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As many may be aware, this is hardly the first story about how organizations like the Internet Research Agency worm their way into people's thoughts.

This is from the summer of 2015 and is the very first article I remember seeing about Russian troll farms. It was disconcerting, to say the least.
nytimes.com/2015/06/07/magazin

I still see in my timeline some of the same old attempts to divide and distract us, especially when unity or success comes for progressives. When you see things that seem to want to undermine democracy, it should make you at least question where it started because an awful lot of them start like this.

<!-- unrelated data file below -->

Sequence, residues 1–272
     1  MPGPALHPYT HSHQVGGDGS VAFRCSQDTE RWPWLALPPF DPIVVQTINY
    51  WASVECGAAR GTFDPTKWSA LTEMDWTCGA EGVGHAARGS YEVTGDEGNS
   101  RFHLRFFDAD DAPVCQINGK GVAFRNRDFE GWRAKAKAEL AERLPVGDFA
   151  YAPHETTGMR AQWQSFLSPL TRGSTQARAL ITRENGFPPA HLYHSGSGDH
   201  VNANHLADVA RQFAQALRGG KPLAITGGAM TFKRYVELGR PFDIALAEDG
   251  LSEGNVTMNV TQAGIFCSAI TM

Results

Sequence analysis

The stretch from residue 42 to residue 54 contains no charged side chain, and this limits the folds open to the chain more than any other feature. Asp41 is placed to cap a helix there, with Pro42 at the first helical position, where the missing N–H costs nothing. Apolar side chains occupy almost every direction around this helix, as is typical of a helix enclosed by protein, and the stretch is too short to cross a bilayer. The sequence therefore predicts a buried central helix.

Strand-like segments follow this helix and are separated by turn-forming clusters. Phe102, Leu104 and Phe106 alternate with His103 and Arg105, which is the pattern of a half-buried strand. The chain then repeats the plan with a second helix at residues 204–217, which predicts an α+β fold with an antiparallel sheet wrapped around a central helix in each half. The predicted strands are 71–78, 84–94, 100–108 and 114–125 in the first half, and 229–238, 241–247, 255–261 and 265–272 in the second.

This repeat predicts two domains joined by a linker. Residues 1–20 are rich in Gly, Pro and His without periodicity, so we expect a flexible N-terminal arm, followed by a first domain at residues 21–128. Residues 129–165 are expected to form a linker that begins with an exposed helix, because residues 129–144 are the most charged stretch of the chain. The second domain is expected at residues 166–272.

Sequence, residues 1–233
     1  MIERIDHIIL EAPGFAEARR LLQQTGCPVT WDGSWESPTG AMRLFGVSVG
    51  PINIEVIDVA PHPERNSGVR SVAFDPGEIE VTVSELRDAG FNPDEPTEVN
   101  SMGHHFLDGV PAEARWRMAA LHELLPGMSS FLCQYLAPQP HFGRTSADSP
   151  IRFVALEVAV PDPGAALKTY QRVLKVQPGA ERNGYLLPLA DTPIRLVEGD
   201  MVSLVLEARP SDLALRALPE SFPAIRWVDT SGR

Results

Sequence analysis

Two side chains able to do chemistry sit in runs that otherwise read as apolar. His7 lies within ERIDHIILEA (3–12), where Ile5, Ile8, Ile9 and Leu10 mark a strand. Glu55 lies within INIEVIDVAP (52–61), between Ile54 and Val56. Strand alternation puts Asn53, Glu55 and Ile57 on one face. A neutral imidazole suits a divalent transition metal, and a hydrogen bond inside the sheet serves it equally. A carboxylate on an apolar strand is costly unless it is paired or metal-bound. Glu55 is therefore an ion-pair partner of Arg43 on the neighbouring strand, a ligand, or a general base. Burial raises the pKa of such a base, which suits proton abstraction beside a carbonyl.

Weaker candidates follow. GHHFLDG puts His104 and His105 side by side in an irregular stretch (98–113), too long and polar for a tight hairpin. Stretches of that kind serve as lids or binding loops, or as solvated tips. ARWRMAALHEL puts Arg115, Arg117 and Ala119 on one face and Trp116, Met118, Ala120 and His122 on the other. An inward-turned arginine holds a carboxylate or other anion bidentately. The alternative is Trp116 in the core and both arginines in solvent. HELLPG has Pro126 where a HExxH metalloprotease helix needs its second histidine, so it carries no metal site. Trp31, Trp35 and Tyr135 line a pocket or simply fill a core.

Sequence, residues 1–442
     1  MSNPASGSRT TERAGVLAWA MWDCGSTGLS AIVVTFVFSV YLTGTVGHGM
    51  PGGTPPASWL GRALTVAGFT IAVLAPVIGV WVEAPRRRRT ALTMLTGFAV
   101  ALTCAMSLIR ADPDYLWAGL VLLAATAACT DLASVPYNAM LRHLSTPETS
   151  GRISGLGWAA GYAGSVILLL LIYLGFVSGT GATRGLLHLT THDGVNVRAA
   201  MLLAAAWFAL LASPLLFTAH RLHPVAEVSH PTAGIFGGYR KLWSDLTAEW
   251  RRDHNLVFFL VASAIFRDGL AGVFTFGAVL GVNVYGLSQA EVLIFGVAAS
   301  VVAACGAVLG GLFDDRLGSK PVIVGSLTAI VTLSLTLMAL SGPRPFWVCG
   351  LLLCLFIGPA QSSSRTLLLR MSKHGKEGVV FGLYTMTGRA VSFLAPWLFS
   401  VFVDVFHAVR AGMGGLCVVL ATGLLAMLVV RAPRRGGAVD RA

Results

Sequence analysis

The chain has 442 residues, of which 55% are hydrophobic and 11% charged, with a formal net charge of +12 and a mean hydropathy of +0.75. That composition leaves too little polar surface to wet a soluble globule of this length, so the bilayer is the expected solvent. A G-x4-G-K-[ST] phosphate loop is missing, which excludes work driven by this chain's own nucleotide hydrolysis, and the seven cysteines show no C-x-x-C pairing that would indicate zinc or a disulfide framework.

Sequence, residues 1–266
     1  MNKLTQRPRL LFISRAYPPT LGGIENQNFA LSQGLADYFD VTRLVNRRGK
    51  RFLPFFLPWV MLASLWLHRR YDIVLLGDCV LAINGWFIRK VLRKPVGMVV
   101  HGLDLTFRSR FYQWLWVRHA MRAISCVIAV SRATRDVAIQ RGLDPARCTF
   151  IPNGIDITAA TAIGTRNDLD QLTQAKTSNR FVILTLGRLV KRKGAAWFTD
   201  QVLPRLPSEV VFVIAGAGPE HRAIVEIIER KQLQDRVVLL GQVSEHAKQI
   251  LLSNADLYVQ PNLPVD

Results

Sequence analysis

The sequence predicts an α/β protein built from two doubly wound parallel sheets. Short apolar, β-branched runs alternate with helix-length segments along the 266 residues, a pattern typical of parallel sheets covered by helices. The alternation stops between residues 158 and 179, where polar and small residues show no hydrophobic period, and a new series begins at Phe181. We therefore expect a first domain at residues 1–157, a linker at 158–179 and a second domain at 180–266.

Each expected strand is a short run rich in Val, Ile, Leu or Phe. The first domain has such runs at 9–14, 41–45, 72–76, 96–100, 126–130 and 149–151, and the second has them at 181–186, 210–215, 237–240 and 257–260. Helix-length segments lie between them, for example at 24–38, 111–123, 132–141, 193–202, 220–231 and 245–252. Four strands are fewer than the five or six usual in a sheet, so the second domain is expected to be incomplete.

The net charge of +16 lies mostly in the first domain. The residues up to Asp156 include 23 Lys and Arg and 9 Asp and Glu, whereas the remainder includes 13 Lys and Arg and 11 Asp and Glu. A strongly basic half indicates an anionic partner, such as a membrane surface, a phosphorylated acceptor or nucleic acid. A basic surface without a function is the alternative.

How Russian Trolls Helped Keep the Women’s March Out of Lock Step-
As American feminists came together in 2017 to protest Donald Trump, Russia’s disinformation machine set about deepening the divides among them.
nytimes.com/2022/09/18/us/wome

@TonyStark
Central message: anytime you encounter a narrative online that is a little "off", you need to consider that it might not be a sincere position, but an active attempt at influence -- a professional troll.

Especially if you don't know the history of the account posting or who operates it.

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